Foxconn investing US$400m on new plants overseas in bid to boost profits
Foxconn International Holdings, a Taiwanese mobile-telephone manufacturer, plans to make a major push into emerging markets even though its margins are likely to suffer as a result.
The company is building factories in India, Brazil, Mexico and on the mainland, part of a capital-spending spree that will see investment soar 33 per cent this year to US$400 million.
Its China factory began production in the second quarter and the Indian operation will come on stream in August.
The new operations should boost profits next year and in 2008.
'In the next 18 months, the huge growth of the mobile-phone market [will be] in emerging countries,' said Samuel Chin Wai-leung, Foxconn's chairman and chief executive.
Given lower incomes in those markets, the bulk of the sales increase will come in low-end products that are less lucrative for equipment suppliers such as Foxconn. Mr Chin insisted the firm would do its best to maintain profit growth at last year's levels.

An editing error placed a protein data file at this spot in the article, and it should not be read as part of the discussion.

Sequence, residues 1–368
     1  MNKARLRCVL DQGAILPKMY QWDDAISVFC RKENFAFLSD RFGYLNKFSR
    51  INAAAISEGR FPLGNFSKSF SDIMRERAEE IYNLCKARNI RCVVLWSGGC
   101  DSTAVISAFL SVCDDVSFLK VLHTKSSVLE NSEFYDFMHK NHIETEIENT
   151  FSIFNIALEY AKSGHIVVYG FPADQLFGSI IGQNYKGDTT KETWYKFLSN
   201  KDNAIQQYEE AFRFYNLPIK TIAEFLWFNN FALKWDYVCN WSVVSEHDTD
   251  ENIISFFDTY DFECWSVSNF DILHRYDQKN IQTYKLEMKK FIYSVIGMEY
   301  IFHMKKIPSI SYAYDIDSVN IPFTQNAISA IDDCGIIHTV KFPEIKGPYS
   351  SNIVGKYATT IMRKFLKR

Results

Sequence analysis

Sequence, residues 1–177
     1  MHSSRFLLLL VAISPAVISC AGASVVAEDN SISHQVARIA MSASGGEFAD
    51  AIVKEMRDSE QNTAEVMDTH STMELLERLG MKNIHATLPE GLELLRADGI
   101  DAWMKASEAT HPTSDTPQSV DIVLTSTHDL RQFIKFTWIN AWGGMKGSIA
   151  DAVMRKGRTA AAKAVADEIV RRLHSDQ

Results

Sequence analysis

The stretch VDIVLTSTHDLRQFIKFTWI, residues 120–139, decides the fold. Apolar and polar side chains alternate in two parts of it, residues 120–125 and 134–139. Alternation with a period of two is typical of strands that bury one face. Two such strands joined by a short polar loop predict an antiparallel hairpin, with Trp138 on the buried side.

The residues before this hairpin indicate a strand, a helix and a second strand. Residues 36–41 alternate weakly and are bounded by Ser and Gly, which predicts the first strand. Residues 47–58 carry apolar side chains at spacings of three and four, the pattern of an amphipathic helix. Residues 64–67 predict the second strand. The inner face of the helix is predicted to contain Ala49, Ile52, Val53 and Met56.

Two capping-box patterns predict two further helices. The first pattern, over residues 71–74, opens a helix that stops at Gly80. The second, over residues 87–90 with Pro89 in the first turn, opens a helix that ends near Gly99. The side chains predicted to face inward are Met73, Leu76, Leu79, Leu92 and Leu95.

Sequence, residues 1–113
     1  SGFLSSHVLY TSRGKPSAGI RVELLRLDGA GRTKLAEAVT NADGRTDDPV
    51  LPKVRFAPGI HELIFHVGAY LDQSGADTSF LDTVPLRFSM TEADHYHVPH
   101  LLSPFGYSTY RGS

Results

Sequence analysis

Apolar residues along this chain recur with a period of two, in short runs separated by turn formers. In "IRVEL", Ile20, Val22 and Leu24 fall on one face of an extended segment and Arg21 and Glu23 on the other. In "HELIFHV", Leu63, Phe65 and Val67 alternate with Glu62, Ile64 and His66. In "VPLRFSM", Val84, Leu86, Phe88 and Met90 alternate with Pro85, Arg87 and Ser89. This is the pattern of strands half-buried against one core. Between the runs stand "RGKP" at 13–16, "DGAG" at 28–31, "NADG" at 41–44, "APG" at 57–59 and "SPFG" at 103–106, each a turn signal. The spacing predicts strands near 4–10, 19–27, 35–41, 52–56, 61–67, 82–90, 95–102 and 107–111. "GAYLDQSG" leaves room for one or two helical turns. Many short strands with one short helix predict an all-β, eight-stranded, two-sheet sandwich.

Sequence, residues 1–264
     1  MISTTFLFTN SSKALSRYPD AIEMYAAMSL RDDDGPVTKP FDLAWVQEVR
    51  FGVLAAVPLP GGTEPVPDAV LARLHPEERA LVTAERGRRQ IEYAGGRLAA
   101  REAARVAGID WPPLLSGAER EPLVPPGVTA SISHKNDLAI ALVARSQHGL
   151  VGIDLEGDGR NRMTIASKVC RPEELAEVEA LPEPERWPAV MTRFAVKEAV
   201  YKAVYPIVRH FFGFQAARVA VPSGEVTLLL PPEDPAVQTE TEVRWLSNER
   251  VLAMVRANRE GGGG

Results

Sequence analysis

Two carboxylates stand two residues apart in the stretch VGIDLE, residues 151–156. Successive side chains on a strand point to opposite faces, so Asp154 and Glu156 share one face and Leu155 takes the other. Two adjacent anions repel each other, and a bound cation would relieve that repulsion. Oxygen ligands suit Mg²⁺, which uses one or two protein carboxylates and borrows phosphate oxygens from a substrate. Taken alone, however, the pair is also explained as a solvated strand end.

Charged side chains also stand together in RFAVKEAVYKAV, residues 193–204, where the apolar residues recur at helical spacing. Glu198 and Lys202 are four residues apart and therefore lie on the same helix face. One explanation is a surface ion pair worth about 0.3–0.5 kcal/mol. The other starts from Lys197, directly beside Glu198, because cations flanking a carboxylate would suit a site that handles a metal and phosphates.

'Everything has an impact on margins, so we have to monitor as much as we can ... and focus on the areas where we can overcome the pressure,' Mr Chin said.
'Low-end [products] can still generate revenue and can still generate business. To me, [being low-end] does not matter.'
Investors may not share his sanguine view. Foxconn's shares fell 7.96 per cent yesterday, closing at $16.75, down $4.05 from their record high on May 30 but still well above last year's initial public offering price of $3.88.
To ease the profit pressure, the company will continue to push sales of high-end phones in Hungary and replacement phones in Taiwan.
The company's orders so far this year were increasing at double digits, Mr Chin said. He expects further gains in the second half.
He said Foxconn was looking for an acquisition that would boost its after-sales service business and brought in a Korean design team recently to help expand its original design manufacturing business.
The company has US$360 million in cash on hand and has lined up US$1.6 billion of bank credit, sufficient to meet its funding needs this year and next.